|Families are an early and important context for children's learning. Families create spontaneous moments of learning in everyday settings
that may not be designed to support it (e.g., homes, playgrounds, parks). Families also encountered deisgned experiences in museums, libraries, community settings, on-line,
How do children learn in family settings? How do we support parents as co-explorers, coaches, or guides?
How do we encourage interest, identification, and engagement with science, art, or the humanities?
P U B L I C A T I O N S
Eberbach, C.E. & Crowley, K. (in press). From seeing to observing: How parents and children learn to see science in a botanical garden. Journal of the Learning Sciences.
Louw, M., Barbuto, N., & Crowley, K. (2017). Designing Learning Pathways in a Complex Learning Ecology: A Research Practice Partnership Focused on Parent Brokering. In B. DiSalvo, J. Yip, E. Bonsignore, & C. DiSalvo (Eds), Participatory Design for Learning: Perspectives from Research and Practice. New York, NY: Routledge. pp. 93-112.
Dorph, R., Schunn, C., & Crowley, K. (in press). Crumpled molecules and edible plastic: Science learning Activation in Out-of-School Time. Afterschool Matters.
Knutson, K, Lyon, M., Crowley, K., & Giarratani, L. (2016). Flexible interventions to increase family engagement at Natural History museum dioramas. Curator: The Museum Journal. 59 (4), 339-352.
Tison Povis, K. & Crowley, K. (2015). Family learning in object-based museums: The role of joint attention.Visitor Studies, 18 (2), 168-182.
Brahms, L. & Crowley, K. (2016). Learning to Make in the Museum: The Role of Maker Educators. In K. Peppler, E. Rosenfeld Halverson, & Y. B. Kafai (Eds). Makeology: Makerspaces as learning environments. New York: Routledge.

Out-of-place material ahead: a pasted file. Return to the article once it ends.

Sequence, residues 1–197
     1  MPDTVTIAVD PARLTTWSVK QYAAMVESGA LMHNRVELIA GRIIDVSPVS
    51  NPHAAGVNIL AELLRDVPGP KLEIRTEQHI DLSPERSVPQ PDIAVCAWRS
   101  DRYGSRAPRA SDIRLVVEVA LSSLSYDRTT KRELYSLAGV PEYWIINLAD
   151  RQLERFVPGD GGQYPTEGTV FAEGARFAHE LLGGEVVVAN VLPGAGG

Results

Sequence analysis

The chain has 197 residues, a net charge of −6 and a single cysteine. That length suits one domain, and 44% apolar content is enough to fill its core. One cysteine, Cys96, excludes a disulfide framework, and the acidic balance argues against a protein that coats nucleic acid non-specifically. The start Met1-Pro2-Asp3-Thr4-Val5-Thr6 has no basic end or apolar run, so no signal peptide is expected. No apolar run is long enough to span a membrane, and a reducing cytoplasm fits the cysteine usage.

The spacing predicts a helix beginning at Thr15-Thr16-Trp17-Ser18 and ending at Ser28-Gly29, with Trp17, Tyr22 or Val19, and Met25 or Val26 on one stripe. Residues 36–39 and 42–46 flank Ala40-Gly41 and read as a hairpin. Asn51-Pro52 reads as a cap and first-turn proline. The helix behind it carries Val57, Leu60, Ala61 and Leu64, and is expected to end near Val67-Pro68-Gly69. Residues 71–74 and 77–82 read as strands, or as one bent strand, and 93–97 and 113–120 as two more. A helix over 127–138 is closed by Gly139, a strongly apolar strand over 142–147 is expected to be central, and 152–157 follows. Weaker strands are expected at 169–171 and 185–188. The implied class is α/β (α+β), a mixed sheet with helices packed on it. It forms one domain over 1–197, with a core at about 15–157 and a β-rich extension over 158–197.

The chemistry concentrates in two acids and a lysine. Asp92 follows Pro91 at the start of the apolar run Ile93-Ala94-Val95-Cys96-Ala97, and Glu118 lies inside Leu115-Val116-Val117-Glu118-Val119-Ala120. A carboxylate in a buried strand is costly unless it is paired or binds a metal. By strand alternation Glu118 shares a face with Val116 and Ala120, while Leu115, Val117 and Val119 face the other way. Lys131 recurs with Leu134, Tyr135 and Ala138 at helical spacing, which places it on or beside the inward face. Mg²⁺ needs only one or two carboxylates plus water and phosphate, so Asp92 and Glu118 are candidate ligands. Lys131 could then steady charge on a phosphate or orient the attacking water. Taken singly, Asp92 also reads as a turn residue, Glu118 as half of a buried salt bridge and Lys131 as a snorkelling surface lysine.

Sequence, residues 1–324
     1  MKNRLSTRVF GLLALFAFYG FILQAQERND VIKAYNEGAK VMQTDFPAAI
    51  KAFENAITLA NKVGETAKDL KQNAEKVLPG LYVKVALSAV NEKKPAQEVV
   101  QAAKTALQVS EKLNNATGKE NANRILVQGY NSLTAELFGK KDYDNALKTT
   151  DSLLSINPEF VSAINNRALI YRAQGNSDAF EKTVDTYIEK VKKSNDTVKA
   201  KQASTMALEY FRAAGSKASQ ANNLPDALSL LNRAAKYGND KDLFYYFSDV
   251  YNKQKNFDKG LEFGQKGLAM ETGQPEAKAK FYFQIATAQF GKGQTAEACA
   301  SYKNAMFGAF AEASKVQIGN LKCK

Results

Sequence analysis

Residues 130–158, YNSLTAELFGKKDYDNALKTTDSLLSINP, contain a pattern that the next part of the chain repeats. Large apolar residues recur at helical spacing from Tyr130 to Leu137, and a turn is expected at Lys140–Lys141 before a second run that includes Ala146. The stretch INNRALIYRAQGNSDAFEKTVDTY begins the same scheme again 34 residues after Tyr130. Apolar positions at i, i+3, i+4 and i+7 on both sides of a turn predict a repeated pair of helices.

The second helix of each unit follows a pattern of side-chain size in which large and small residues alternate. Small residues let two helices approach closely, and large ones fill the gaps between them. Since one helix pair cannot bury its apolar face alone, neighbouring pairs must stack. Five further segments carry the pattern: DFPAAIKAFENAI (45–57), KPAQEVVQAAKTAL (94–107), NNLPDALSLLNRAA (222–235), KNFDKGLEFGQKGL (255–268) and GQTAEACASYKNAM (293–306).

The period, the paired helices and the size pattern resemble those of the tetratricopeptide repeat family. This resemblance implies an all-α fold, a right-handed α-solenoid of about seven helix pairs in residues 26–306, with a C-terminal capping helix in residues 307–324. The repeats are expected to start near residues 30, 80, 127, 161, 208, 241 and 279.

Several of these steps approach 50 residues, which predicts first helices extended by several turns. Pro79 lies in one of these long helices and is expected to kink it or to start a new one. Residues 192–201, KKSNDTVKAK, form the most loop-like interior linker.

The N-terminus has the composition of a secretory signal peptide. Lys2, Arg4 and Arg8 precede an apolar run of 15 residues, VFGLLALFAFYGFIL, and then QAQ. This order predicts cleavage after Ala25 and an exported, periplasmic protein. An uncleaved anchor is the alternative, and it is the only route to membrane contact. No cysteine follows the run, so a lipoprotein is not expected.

Kim, K.Y. & Crowley, K. (2010). Negotiating the goal of museum inquiry: How families engineer and experiment. M.K. Stein & L. Kucan (Eds). Instructional Explanations in the Disciplines. New York: Springer.
Knutson, K. & Crowley, K. (2010). Connecting with Art: How families talk about art in a museum setting. M.K. Stein & L. Kucan (Eds). Instructional Explanations in the Disciplines. New York: Springer.
Sanford, C., Knutson, K., & Crowley, K. (2007). We Always Spend Time Together on Sundays: Grandparents and Informal Learning. Visitor Studies, 10(2), 136-151.
Palmquist, S.D. & Crowley, K. (2007). From teachers to testers: How Parents Talk to Novice and Expert Children in a Natural History Museum. Science Education, 91(5), 712-732.
Fender, J. G. & Crowley, K. (2007). How parent explanation changes what children learn from everyday scientific thinking. Journal of Applied Developmental Psychology, 28, 189-210.
Leinhardt, G. & Knutson, K. (2006). Grandparents speak: Museum conversations across the generations. Curator, 49 (2), 235-252.
Swartz, M. I. & Crowley, K, (2004). Parent beliefs about teaching in a children's museum. Visitor Studies, 7(2), 1-16.
Crowley, K., Callanan, M.A., Tenenbaum, H.R., & Allen, E. (2001). Parents explain more often to boys than to girls during shared scientific thinking. Psychological Science, 12 (3), 258-261.
Crowley, K., Callanan, M.A., Jipson, J., Galco, J., Topping, K., & Shrager, J. (2001). Shared scientific thinking in everyday parent-child activity. Science Education, 85 (6), 712-732.Crowley, K. (2000). Parent explanations during museum visits: Gender differences in how children hear informal science. Visitor Studies, 3 (3), 21-28.
Crowley, K. & Callanan, M.A. (1998). Identifying and supporting shared scientific reasoning in parent-child interactions. Journal of Museum Education, 23, 12-17.
Funding provided by: National Science Foundation, Carnegie Museum of Natural History, Children's Museum of Pittsburgh,and the Getty Museum.